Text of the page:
The best way to Login. Here are the most relevant links that help you to Login.

Press About - AUE: The alt.usage ... at Press About Us. Repose « My Favorite Word.Alt.usage.english.A Writer's Edge writing, editing, ghostwriting by Georganna Hancock4.5/5

alt usage english : definition of alt usage english and ...
    The Usenet newsgroup alt.usage.english is devoted to discussion of the English language, especially its usage.It was newgrouped (begun) on May 11, 1991 by David Bedno.. The newsgroup frequently strays off-topic; sometimes off-topic discussions last for weeks.Indeed, many threads are begun with off-topic messages. Traditionally, sheep and food have been considered on-topic.

Pronunciation Of "Transport" - ENGLISH FORUMS
    Nov 26, 2004 · I think (O (reversed c in IPA) is the usual ... I doubt that this is why FB used (o, though.) I meant the ninth sound on this page: symbols.htm How do you usually represent here the eighth sound on that page? The reversed c is (O, as stated above. Interestingly, this gives "por" as an example of a Spanish word using this vowel, but "corra" as an example of one using the /o/ vowel, which it ...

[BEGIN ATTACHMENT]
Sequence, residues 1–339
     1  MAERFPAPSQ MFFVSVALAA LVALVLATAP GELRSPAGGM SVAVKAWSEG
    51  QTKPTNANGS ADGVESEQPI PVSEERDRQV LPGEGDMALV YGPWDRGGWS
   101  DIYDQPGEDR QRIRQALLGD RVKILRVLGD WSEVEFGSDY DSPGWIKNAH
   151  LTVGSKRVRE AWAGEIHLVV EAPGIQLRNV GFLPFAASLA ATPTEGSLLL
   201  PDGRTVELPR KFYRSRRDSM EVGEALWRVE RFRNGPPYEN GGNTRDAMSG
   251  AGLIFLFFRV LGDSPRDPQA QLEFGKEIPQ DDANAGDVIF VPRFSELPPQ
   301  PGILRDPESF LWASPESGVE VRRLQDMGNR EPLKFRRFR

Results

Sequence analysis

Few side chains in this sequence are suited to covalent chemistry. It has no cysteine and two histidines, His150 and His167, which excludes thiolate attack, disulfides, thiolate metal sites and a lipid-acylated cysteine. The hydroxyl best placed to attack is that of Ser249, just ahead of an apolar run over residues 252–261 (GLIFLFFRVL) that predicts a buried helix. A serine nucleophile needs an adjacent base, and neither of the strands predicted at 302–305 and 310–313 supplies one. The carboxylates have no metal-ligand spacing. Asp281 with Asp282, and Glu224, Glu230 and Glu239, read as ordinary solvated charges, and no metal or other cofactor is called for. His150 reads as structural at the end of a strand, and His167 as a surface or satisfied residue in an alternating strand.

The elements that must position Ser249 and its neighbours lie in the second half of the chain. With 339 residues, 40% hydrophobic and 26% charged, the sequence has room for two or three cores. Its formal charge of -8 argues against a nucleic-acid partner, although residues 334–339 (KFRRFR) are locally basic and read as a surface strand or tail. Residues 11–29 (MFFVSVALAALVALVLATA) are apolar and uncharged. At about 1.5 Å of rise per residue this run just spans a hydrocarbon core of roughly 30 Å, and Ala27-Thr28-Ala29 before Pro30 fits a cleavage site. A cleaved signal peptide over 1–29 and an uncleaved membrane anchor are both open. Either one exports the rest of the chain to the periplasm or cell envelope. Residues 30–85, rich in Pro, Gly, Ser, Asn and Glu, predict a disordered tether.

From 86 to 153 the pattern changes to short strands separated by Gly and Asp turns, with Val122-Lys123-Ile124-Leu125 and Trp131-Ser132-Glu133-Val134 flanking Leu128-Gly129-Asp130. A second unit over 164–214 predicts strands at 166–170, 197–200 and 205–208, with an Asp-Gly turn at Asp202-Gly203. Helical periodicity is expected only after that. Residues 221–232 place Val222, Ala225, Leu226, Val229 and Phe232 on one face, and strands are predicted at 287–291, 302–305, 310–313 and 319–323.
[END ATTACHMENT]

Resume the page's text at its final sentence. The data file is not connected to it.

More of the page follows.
could somebody please tell me why is the word pronoun " I ...
    Oct 19, 2006 · No one is exactly sure. But, what is known is that It is a remnant from Middle English. And most believe it has a practical reason, just to make sure it did not get lost in a sentence, that little stick all alone afterall is dificult to see.

What is the "i" before "e" rule in spelling? Yahoo Answers
    Jun 04, 2006 · I before E except after C and also when it creates the sound 'a' in neighbours.
    Do you think that Ring Around The Rosie makes reference to the Black Death? Or that the whole nine yards refers to WWII machinegun ammo belts? Or that Eskimos have 500 words for snow? If so, you need the Word Myths book.Find out more. Get it from or fine bookstores everywhere.

Eskimo - Wikipedia
    Eskimo‚ÄďAleut languages possess voiceless plosives at the bilabial, coronal, velar and uvular positions in all languages except Aleut, which has lost the bilabial stops but retained the nasal. In the Eskimo subfamily a voiceless alveolar lateral fricative is also present.

Related Login Pages